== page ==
What is brown adipose tissue?
First, let us delve into answering what adipose tissue is, and then we can assimilate the differences between the types of adipose tissues. The adipose organ must send a signal to the brain to regulate the need for food. If these signals are not accurate, it will cause the individual to have unnecessary cravings for food. These cravings cause the individual to intake more energy or calories than they are expending. The excess calories are stored in the adipose organ. When the adipose organ is filled, hyperplasia will occur, and the individual is now left with more adipose organs. The new organs exhibit the same inaccurate signals to the brain, which in turn will cause more cravings, so the cycle continues. This is thought to be one of the causes of obesity. The enzyme lipoprotein lipase resides in the fat cell and accumulates the fatty acids from the blood and other sources. The cells also have another enzyme called hormone sensitive lipase, which is responsible for the breakdown and release of triglycerides from the adipose organ. Fat cells, which contain more hormone sensitive lipoprotein lipase, will have a better chance of breaking down the triglycerides than the cells with less active lipoprotein lipase. This will lead to less hyperplasia and will slow down the fat accumulation leading towards obesity.
We can now get to the original question. Brown adipose tissue is more vascular and is heavily packed with mithochondria. Brown adipose tissue is used in thermogenisis or heating of the body. It is generally much less active than its white tissue counterpart. White adipose tissue is used as a substrate in the production of energy or ATP. Brown tissue cannot be used as substrate and is not involved in the ATP process. Brown adipose tissue releases energy straight into the body in the form of heat. We must accept, at least for now, that many of the controlling mechanisms of fat cells and their role in hyperplasia are not fully understood. The scientific community is hard at work trying to figure out exactly how it works so we can fight against one of the largest health concerns facing Americans: obesity and its secondary complications of diabetes and heart problems.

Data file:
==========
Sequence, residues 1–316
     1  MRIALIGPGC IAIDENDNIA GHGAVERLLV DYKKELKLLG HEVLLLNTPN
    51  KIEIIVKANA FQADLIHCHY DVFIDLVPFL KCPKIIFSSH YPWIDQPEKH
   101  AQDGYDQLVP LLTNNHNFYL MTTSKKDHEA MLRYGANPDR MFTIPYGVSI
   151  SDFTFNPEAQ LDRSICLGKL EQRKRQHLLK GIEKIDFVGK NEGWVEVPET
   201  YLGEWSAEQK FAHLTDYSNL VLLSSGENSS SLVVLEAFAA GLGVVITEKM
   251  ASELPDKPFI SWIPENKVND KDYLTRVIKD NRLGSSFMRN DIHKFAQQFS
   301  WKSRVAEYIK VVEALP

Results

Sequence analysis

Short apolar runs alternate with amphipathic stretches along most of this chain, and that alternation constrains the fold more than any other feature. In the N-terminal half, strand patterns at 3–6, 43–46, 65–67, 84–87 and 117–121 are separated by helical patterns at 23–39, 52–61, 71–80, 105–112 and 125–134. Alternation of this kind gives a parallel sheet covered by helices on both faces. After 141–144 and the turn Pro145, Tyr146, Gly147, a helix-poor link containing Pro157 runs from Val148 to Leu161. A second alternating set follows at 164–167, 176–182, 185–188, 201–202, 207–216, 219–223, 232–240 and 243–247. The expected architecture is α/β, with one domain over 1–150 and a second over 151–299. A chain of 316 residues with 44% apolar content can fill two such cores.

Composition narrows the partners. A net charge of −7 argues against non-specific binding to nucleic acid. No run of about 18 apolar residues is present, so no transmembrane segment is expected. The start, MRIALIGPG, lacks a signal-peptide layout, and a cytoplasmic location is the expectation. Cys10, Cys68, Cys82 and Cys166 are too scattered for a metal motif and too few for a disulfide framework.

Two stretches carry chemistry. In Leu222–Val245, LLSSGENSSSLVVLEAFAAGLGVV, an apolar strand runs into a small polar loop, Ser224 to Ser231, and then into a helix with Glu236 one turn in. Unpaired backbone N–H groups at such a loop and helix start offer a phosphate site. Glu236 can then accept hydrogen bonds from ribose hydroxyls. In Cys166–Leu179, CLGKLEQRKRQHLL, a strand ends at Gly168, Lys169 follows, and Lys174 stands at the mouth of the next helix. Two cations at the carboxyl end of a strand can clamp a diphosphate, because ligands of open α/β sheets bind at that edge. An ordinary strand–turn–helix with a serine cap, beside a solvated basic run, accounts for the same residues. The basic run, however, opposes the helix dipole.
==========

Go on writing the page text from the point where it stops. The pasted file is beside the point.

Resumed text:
I hope this answered your question without leading you in a different direction. For the personal trainer, the incongruence between white and brown adipose tissues will rarely make a significant difference. In a nutshell, we can only process white adipose tissue for energy production or aerobic production of ATP. Brown adipose tissue can produce energy independently of ATP for the sole purpose of heat production.